Chinese Gaming Companies Disclose Proportion of Income from Minors for First Time

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(Source: Gamicsoft)

At the end of last month, Chinese regulatory authorities issued a notice calling for the strengthening of measures to prevent minors from spending too much time playing games. Many Chinese gaming companies have responded quickly.

According to statistics by China’s Game Publishing Committee, as of September 7, 64 enterprises have issued announcements to show their positive response to the new regulations. In addition, many enterprises have also for the first time disclosed data related to minors using their services in this year’s semi-annual reports.

Tencent’s Q2 financial report shows that individuals under 16 years old account for 2.6% of players, while those under 12 account for just 0.3%.

NetEase predicts that the impact of the new regulations on finance will not exceed a 1% hit.

Bilibili also claimed that minors accounted for only about 1% of its latest game revenue this year.

According to the financial report for Zhejiang Century Huatong Group, an Internet games developer, in the first half of the year, registered users under the age of 18 using Shengqu Games accounted for 0.9%, recharges from this group accounted for a miniscule 0.009%, and the total flow accounted for less than 0.01%.

Another mobile games developer 37Games mentioned during an investor research activity that the proportion of minors’ recharge flow in the domestic market is less than 0.05%.

Although video game publisher Perfect World did not disclose specific data, it emphasized in its financial report that income from minors using its products accounted for a very low proportion of total income.

In addition, income from minors for G‑bits, X.D. Network, iDreamSky and other Chinese gaming companies accounted for less than 1%, and even less than 0.1% for CMGE Technology, Kaiser, Shanghai Yaoji Tech and YOOZOO Games.

While game products have upgraded anti-addiction systems and further implemented the protection of minors, online games can still be played without restriction by renting and buying accounts. The rental and sale of game accounts to skirt recent regulations has formed a grey industry chain.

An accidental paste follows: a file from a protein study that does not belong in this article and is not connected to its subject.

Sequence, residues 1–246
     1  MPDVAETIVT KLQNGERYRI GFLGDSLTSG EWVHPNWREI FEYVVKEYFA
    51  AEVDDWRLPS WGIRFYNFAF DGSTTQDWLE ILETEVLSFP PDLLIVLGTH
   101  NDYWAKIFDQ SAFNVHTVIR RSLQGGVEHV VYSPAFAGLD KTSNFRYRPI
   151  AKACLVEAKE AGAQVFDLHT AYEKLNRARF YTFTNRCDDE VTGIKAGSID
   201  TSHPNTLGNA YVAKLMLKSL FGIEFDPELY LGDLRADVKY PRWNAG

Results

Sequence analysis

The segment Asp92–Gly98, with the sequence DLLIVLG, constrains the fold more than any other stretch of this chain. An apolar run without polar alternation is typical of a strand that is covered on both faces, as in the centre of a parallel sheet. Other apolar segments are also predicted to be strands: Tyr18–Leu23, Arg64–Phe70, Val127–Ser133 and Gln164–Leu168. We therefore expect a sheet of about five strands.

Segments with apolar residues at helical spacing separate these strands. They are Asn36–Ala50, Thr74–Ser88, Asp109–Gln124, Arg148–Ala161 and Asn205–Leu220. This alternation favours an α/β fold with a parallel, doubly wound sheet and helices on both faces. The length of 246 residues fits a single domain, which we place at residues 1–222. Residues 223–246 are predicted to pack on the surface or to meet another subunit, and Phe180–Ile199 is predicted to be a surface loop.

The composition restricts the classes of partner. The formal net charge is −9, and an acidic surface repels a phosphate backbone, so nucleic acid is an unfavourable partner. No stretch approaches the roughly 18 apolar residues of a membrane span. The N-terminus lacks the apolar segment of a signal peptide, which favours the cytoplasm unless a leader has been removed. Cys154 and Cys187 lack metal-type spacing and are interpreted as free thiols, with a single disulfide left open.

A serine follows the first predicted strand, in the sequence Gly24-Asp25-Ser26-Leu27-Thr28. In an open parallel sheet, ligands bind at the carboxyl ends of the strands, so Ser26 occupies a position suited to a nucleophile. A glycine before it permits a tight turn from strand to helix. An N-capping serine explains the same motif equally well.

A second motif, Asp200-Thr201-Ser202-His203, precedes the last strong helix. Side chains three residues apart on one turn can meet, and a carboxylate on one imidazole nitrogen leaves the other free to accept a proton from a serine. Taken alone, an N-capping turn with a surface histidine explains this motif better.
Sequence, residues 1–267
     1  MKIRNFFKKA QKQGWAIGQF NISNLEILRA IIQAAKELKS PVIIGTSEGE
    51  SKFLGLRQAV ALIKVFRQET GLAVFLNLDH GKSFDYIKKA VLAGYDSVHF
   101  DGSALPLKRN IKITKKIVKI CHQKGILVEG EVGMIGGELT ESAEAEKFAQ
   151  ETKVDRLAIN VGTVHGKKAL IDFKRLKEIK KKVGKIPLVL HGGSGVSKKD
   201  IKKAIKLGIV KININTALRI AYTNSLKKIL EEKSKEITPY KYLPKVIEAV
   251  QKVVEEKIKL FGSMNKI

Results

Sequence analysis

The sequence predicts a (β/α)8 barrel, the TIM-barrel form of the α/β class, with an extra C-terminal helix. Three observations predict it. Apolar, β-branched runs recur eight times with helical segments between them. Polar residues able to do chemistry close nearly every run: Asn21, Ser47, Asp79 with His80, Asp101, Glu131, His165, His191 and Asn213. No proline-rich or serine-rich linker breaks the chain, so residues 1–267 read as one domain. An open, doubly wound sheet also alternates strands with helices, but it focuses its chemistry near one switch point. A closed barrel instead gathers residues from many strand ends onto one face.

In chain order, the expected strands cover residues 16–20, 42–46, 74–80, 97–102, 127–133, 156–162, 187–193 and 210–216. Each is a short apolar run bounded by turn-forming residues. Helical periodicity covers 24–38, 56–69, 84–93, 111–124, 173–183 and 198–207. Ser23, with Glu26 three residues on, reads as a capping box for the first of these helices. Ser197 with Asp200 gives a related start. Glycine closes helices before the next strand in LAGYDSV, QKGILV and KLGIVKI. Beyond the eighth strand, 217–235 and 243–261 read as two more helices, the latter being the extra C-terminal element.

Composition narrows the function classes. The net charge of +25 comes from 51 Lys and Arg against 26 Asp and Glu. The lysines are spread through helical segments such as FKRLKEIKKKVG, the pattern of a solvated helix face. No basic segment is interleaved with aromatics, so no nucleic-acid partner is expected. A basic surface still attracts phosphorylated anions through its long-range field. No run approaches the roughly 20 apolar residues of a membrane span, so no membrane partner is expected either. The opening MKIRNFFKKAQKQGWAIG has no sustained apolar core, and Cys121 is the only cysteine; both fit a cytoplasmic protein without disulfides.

Tencent told National Business Daily: “Renting and selling accounts has seriously damaged the real-name registration system of games and the protection measures for minors, and some illegal platforms even provide other technical means to bypass the restrictions. Since Tencent launched its growth guard platform and health system in 2017, we have carried out continuous rights protection work against third-party platforms engaged in account rental and sales in violation of regulations. Up to now, more than 20 account trading platforms and several e-commerce platforms have been sued or sent letters by us requesting to stop related services.”

SEE ALSO: Tencent Calls for Further Regulation After CCTV Exposes Dark Transactions by Game Accounts

At the same time, Tencent also called for the introduction of corresponding laws and regulations as soon as possible to strictly control the renting and selling of game accounts.

On August 30, China’s National Press and Publication Administration issued a “Notice on Further Strict Management and Practically Preventing Minors from Indulging in Online Games,” requiring all online gaming enterprises to only provide one-hour services to minors from 20:00 to 21:00 on Fridays, Saturdays, Sundays and legal holidays, and strictly limiting the time for minors to play online games.

Regulators contend that the protection of minors is the common responsibility of the whole society. It is difficult to solve the fundamental problem for one company or notice alone. It needs the joint efforts of the government, enterprises, schools and parents.